Condos 1, Park Defense Fund 0

Brooklyn Bridge Park will have condos, so shut your piehole the State Supreme Court says:

Brooklyn Paper: Brooklyn Bridge Park Goes Forward: Brooklyn Bridge Park cleared another hurdle this week, as the State Supreme Court ruled against opponents of the open space and luxury housing development, unanimously upholding the state’s inclusion of private housing inside the park’s footprint.

The Brooklyn Bridge Park Defense Fund had filed the lawsuit to force the state to revise its plans for the 85-acre parkland and commercial development along the DUMBO and Brooklyn Heights waterfront by eliminating the controversial condominiums and hotel slated for the park.

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  • Edward

    Can anyone explain how this is a park and not a private development with public space ?

  • Pro-Park

    Who cares? Call it whatever you want… It will replace those ugly warehouses with greens. And if it takes a condo development to make it happen, it’s fine with me!

  • Tim N.

    Umm… not so. If it was just turning old buildings to new uses, then that would be fine. But that’s not the case… check out and you’ll see what the impact of the new buildings will be.

    I could save you the trouble… just say bye-bye to the Promenade view and hello to the backs of buildings.

  • Tim N.

    My mistake… it’s and click on “total housing impacts” and you’ll see what’s coming our way.

  • Bee Heights

    I live on Columbia Heights and just checked out the website above with the before and after shots of the proposed buildings. I have to say they don’t look that bad. The views pretty much remain the same give or take. In exchange for some change I get a park instead of some blue crap to look at each day.

    Now if you told me that they were going to block the view with some 60 story hotel/condo smack in the middle of the promenade that’s a different story.

    I get a bit sick of these people always complaining about change.

  • Bart

    Just a side note: According to maps I’ve consulted, the extending piers actually belong to the borough of Manhattan, not Brooklyn.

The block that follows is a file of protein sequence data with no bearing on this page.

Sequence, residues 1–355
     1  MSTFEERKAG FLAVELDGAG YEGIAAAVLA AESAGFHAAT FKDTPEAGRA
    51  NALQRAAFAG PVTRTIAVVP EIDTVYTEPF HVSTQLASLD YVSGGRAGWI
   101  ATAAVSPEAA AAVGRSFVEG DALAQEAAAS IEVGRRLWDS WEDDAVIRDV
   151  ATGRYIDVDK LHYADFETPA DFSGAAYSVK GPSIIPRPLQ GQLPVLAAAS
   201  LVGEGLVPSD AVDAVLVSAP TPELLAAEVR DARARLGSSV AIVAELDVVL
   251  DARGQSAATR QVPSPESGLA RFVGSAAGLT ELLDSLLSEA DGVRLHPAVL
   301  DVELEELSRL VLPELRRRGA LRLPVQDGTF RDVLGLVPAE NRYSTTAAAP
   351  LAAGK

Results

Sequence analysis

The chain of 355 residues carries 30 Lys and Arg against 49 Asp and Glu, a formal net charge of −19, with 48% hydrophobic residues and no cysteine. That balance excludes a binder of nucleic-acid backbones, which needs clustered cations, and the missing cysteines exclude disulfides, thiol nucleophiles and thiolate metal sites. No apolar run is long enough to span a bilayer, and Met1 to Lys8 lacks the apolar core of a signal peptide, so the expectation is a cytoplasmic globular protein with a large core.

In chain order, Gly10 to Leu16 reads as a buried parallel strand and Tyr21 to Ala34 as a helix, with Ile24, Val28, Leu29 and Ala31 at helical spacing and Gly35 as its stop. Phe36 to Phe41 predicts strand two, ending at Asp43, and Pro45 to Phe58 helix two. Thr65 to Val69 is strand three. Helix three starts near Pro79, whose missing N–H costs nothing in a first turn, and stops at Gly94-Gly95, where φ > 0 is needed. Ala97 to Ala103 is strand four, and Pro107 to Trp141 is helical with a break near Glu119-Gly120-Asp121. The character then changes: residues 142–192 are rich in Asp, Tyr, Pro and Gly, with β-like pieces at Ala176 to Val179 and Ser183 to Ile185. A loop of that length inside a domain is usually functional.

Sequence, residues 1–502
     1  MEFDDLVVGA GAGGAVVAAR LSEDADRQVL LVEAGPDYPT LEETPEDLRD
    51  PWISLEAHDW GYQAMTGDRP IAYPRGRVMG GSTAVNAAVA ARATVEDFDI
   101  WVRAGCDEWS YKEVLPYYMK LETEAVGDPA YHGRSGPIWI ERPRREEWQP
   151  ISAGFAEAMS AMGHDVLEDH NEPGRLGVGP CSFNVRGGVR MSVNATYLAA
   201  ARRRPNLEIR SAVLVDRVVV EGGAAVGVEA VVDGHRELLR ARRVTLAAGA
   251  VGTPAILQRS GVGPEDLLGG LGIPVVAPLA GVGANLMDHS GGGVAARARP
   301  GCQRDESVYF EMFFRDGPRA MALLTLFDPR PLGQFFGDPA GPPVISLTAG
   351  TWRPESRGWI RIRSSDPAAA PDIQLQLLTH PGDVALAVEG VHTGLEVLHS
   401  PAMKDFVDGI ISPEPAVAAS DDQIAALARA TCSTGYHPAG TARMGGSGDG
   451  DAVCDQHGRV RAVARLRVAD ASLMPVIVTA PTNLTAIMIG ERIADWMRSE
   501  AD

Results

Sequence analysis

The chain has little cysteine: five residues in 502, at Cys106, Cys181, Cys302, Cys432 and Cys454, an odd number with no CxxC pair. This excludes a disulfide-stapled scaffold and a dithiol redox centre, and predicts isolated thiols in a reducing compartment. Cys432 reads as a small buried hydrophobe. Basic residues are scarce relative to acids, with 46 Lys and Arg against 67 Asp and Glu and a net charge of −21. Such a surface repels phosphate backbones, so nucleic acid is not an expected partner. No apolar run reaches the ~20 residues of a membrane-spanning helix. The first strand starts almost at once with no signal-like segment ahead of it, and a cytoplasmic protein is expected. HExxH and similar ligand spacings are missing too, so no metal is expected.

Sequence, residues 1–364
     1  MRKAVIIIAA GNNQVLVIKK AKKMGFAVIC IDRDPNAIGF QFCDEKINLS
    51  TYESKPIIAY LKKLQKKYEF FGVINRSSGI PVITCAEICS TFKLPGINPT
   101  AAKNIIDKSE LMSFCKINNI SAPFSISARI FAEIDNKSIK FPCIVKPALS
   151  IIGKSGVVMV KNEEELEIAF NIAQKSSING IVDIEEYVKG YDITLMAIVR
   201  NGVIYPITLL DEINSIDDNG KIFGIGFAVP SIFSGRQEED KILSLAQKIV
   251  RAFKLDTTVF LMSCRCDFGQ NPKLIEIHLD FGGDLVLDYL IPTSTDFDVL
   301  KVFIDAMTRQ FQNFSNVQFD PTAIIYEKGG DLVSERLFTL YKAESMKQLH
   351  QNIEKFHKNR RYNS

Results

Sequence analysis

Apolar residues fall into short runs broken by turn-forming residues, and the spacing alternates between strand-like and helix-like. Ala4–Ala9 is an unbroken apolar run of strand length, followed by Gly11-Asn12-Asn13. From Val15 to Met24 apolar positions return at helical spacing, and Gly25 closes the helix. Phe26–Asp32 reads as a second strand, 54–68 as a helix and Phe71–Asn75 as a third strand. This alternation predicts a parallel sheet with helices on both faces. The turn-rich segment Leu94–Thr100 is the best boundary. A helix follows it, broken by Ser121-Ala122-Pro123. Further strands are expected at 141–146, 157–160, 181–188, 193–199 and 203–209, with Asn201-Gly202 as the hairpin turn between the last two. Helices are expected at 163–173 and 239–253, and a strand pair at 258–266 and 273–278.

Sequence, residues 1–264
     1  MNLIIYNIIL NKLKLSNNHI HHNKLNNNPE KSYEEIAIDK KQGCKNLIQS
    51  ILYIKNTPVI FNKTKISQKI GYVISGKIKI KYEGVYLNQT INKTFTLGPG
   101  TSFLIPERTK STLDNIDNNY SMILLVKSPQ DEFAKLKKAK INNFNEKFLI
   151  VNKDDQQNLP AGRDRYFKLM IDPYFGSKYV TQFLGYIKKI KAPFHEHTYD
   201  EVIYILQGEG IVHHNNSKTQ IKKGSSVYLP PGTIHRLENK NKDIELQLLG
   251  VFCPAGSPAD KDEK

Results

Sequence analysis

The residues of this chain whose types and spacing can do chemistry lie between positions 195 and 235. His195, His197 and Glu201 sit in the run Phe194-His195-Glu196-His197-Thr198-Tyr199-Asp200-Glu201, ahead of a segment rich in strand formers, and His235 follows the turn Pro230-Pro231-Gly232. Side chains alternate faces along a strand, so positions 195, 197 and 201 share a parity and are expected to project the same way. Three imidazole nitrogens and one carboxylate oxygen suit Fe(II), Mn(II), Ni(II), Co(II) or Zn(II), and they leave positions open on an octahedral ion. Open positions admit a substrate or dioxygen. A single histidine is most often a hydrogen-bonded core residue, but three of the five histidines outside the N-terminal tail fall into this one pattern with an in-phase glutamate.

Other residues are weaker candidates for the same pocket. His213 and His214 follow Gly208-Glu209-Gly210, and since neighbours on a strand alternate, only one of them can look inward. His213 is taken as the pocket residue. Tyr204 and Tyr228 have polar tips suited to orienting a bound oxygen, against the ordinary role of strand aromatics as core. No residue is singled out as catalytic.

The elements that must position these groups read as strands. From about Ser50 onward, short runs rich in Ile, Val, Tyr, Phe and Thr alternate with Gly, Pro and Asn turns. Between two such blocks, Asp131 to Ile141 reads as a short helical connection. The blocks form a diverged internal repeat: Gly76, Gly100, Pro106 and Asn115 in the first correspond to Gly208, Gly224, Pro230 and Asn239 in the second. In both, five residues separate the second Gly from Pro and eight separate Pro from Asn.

• anon

    A damn shame this so-called “park”. It simply isn’t. And the idea that housing is compatible with a park is ludicrous. I hope the Park Defense Fund goes on to the highest court – maybe they will act to protect our public park lands. Otherwise nix on parks in future.

  • clarknt67

    Wow, Tim, so they’re going to build condos tall enough to block the view of Wall street from the Promenade? I also hear they are going to hire Blackwater to patrol the park with Uzis and shoot to kill anyone who’s not a condo owner and dares enter!

  • nabeguy

    If the high maintenance costs that I’ve heard proposed for the BBP are true, then Blackwater security doesn’t seem that farfetched. After all, they’re gonna have to figure out SOME way to make money once Dicky boy is out of DC!

  • Buddy

    You got that right nabeguy! This will be 3 times more costly than the most expensive “park” in the city and that one isn’t a park either – Battery Park City. I think the ESDC is going all out for Dickyt. Maybe get Bush to be the Park Jester for “sport”.

  • kirkaldy

    How silly, of course it is a park – there are maybe 9 acres of total not-park that are situated up against the BQE (but not blocking the view from the Promenade, because that is protected by law, despite what the self-annointed “legal defenders” say). And then there are 76 acres of clear and free publicly accessible parkland stretching all the way out to the water’s edge.

    The funny thing to me, as a person who is fundamentally pro-park (in case you didn’t notice), is that you check in on some blogs and the handwringers say that the park will ruin the view from the Heights. And then, you go to other places and you see people up in arms about the idea that everything is being done at the behest of the rich people living in the Heights. AND the folks like anon, above, who are concerned that it is some kind of heresy to have residential buildings next to parks don’t seem to have ever been to the Promenade to see that there is plenty of housing very intimately related to the heights and that hasn’t stopped anybody from going out there.

    The only enemy that everybody can seem to agree on is the 76 acre park – surely there must be something really sinister going on if Brooklyn’s waterfront is going to become a 76 acre park. And surely the high maintenance costs are a sham, because everybody knows that 50 year-old piers supported by wooden toothpicks don’t require any maintenance.